Toward a Modern Nature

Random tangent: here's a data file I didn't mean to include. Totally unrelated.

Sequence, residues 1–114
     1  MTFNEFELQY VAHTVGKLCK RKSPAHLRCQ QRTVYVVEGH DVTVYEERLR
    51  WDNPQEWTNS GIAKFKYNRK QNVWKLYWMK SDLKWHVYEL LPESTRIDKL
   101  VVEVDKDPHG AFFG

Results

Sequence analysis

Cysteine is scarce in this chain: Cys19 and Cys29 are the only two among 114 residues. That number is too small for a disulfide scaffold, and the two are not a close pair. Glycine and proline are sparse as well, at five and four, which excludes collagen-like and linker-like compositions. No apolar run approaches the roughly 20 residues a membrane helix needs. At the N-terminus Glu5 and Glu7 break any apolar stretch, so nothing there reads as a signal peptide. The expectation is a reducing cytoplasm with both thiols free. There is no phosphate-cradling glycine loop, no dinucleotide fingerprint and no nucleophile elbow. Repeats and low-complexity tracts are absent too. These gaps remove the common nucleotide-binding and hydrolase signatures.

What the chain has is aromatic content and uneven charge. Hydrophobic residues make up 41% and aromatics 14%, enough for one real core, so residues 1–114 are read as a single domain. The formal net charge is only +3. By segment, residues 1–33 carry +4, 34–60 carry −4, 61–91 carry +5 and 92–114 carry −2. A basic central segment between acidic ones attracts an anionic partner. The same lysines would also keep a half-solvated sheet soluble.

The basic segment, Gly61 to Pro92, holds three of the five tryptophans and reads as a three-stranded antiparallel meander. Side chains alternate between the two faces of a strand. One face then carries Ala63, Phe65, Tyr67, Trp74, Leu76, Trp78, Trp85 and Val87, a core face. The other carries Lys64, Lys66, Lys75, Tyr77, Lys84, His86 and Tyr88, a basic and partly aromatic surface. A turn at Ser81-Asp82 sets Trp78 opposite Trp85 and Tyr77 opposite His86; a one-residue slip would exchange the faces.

Scholars of literary modernism rarely consider the American relationship to nature as a central subject of the genre-bending literatures of the early twentieth century. Modernist texts that head back to nature are, by definition, nostalgic and anti-modern. Yet, the American relationship to nature was a key issue of modernity that motivated the reforms of the Progressive Era. Americans conceived of the move back to nature as key to their national progress because nature contact, reformers concluded, could save Americans from the threat of degeneration. In order for nature to serve as an antidote for degeneration, however, it needed to remain a realm of hard facts free of fictions, a eugenic testing ground that could keep Americans mentally and physically fit. Such a construction of nature proved a challenge for America’s emerging modernist poets. Told by their culture to head back to nature for the sake of the nation’s health, they were also told that any poetic approach to the subject, a hallmark of America’s scant literary heritage, could be culturally enervating. Poets needed to create a form of American nature poetry that could cure degeneration rather than cause it. Making nature modern, they made poetry modern as well.
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